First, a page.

It is our duty to maintain links with our past and to understand it as a means to safeguard our future.
Among the world’s fabled lost cities, Petra stands as a beacon of human achievement ─ one, though, that is slowly being destroyed by weathering, chemical disintegration and other natural and human forces that are dissolving this ancient
wonder and its many sandstone monuments.<br><br>To combat the degradation, former chemistry professor Talal Akasheh is completing a knowledge system that will underpin the city’s conservation and hopefully extend its existence.
This geographic information system provides managers of the archaeological park with the essential knowledge they need to care for and restore the site, demonstrating the use of science and technology in the service of sustainable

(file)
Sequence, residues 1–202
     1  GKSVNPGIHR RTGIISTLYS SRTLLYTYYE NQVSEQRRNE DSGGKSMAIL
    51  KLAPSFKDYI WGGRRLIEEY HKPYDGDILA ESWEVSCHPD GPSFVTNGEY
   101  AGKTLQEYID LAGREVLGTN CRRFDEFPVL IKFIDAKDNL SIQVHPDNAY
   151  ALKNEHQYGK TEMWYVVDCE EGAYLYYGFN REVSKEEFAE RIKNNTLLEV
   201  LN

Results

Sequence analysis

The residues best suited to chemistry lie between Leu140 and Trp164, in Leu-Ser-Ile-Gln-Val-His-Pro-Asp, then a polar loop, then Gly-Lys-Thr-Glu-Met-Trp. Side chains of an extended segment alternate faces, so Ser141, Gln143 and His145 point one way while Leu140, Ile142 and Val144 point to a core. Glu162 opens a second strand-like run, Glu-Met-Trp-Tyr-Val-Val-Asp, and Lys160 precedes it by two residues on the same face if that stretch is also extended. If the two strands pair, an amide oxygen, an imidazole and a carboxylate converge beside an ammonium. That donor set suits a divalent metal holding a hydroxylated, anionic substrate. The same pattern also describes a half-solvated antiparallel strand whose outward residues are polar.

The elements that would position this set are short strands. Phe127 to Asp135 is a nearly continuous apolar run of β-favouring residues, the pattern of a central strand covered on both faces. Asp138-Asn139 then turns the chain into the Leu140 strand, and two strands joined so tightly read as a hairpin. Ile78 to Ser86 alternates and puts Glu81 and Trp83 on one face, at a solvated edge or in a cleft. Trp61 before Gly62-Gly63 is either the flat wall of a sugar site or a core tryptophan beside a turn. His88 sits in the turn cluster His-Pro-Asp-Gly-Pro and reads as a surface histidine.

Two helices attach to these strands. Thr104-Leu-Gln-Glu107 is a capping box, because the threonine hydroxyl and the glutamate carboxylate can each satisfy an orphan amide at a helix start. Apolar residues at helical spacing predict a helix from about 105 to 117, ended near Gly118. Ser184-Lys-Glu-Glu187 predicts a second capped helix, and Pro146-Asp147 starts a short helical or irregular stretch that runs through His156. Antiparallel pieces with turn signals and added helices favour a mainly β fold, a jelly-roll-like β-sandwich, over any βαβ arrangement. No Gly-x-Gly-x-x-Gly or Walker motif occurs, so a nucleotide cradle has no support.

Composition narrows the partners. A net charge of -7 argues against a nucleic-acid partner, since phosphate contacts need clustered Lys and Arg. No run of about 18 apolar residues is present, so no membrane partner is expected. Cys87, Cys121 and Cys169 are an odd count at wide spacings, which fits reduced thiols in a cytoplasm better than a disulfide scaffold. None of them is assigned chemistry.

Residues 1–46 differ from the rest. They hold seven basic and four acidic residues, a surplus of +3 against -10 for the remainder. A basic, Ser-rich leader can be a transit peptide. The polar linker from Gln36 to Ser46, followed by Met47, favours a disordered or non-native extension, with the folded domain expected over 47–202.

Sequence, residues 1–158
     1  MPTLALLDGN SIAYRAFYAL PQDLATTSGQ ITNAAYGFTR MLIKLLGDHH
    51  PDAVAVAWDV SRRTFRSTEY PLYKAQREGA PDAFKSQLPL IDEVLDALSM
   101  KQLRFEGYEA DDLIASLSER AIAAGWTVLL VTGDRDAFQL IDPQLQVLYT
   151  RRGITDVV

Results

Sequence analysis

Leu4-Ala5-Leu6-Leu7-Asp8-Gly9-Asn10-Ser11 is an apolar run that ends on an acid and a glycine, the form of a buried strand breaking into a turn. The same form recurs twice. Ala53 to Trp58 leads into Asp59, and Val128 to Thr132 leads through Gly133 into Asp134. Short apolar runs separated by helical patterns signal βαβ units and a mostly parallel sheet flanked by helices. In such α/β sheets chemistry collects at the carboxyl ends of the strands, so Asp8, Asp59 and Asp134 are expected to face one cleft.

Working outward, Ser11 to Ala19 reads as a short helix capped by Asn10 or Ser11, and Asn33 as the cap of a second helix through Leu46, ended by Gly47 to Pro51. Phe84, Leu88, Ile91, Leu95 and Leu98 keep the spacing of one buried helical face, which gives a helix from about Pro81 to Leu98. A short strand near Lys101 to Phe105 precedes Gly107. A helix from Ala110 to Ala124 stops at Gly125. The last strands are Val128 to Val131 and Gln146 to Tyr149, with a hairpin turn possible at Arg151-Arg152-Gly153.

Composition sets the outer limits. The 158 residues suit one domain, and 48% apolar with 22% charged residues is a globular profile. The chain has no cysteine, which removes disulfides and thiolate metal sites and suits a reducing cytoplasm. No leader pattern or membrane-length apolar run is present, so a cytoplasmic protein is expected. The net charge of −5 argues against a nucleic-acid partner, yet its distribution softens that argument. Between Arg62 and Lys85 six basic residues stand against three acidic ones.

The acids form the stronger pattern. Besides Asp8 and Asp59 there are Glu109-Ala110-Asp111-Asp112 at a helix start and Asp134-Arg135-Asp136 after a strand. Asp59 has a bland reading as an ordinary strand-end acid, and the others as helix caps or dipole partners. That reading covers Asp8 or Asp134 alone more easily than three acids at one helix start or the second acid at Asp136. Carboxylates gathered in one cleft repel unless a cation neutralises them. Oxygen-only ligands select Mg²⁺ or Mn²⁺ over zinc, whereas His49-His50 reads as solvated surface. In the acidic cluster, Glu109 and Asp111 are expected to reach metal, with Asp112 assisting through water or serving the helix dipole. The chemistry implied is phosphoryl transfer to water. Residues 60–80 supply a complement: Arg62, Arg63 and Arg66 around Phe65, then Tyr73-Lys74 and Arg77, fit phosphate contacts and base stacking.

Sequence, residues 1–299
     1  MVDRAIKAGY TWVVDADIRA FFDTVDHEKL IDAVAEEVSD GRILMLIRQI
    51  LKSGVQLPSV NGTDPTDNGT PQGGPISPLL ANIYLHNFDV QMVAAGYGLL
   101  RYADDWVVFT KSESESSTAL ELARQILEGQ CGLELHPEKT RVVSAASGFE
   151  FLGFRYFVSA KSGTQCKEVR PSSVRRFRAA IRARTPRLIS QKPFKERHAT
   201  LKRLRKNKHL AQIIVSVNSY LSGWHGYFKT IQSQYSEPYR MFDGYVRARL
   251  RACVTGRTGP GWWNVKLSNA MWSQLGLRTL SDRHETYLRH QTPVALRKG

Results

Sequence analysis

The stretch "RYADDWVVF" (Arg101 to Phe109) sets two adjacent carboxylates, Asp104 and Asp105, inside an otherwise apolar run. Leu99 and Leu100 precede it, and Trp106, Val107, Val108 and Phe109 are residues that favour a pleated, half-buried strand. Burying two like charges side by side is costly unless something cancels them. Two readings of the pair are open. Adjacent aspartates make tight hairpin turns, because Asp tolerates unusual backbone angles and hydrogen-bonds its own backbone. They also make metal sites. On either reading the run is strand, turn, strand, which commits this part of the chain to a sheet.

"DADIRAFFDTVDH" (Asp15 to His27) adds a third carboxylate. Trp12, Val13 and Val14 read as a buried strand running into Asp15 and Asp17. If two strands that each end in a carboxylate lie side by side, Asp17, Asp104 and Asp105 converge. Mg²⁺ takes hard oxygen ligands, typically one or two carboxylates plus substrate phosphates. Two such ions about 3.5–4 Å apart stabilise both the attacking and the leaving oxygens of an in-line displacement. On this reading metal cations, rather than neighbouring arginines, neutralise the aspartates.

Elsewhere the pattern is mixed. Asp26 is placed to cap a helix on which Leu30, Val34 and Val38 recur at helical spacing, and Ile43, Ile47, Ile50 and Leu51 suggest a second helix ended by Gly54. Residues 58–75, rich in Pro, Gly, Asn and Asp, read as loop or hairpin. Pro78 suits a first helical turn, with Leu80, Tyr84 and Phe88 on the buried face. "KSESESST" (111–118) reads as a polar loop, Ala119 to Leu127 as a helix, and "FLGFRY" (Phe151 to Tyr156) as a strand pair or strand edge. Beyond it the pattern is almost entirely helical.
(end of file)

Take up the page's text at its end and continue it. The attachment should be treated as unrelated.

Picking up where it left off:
tourism. In 2014, Akasheh reported that his database included almost 3,000 archaeological features, and, in 2015 he and his colleagues completed a conservation plan for the whole site at Petra, which he hopes to publish as a book.
In a UNESCO project, Akasheh has completed, over a period of three years, the monitoring of the stability of rocks in the Siq, the main entrance to the ancient city, creating 3D images of the rocks.